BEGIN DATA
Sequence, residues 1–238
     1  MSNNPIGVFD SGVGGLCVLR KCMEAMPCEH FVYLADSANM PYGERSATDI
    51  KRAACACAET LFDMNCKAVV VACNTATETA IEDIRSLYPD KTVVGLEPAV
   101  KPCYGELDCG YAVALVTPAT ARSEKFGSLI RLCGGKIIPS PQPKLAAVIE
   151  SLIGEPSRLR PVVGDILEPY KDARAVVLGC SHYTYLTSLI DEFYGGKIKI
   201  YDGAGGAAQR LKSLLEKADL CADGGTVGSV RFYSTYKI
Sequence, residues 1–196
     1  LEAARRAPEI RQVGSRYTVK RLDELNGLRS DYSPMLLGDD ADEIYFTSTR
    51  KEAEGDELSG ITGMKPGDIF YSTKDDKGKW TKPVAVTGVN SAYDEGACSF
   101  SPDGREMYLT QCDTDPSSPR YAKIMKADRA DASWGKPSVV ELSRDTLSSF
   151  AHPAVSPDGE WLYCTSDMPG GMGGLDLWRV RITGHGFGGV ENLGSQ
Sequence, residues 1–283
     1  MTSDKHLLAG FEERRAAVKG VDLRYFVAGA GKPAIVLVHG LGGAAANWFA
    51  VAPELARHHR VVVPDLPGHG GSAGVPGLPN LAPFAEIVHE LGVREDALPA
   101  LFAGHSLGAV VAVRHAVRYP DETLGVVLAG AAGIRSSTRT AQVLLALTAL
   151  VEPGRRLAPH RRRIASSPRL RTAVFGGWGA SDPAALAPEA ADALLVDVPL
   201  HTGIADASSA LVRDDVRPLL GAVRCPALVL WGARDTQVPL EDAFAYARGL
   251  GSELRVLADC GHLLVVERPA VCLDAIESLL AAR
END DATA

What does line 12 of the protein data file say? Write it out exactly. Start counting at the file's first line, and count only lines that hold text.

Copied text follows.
Sequence, residues 1–283